From Fossils To Mind Workshop 2021: Ameline Bardo

Studying lateralized behaviors in living humans: an application in the context of a project on brain evolution in hominins.

Ameline Bardo
Ameline Bardo


Ameline Bardo: UMR 7194, CNRS, PaleoFED team, Département Homme et Environnement, Muséum national d’Histoire naturelle, Paris, France; Skeletal Biology Research Centre, School of Anthropology and Conservation, University of Kent, Canterbury, United Kingdom. 


Evolutionarily adaptive characteristics, including increase of specialization of brain’s hemispheres and specific hand morphology such as a longer thumb-finger ratio are generally associated with enhancements in manual dexterity and fine motor movements. Cognitive and functional understanding in the fossil record, however, can only be inferred through inferential and comparative analysis of morphology and function with extant hominids capabilities. However, can we discuss the relationship between past behaviors and brain morphology? The PaleoBRAIN project aims to study for the first time the correlation between the shapes of the brain and the endocast within a sample of modern humans using MRI acquisitions, including some with a specific sequence more sensitive to the of bone tissues signal, with the final aim to bring the brain of Homo erectus and Neandertals back to life.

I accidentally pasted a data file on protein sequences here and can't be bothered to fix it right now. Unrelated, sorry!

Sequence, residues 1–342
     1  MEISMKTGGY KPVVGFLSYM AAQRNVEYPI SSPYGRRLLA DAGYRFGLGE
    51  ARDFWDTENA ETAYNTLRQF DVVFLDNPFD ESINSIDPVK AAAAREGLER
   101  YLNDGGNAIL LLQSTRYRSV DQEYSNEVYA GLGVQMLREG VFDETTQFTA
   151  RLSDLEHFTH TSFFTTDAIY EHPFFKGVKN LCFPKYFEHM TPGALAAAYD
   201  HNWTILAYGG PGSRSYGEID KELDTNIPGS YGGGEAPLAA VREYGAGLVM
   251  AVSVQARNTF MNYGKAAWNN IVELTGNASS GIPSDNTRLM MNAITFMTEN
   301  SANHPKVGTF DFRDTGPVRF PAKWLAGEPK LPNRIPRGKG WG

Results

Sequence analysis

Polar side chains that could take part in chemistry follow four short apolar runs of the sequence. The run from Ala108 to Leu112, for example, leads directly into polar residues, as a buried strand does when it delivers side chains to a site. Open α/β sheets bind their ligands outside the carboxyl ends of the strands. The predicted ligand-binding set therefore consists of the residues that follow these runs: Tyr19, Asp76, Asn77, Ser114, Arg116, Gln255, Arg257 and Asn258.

Multidisciplinarity and interdisciplinarity will be strong components of PaleoBRAIN and an essential condition to achieve the scientific objectives. In this context, I will study the behavioral asymmetries on the same sample of volunteers, by studying key behaviors (e.g., manipulation, vision, communication, dichotic listening), as well as the relationship between form and function of their hands. Indeed, in the modern day, hand function is affected in part by demographics and lifestyle factors but a comprehensive understanding into the relationship between dexterity and these factors, as well as with manual asymmetries, is not overly understood. This study will allow discussing the possible relationships between brain asymmetries and behavioral asymmetries in living humans, and will improve our understanding of the link between form and function for both hands in modern humans. I will present here the methods and the principal aims of this study, which is part of PaleoBRAIN. In the long term, this project will provide a crucial referential context for a better understanding of the anatomy and the behavior of fossils.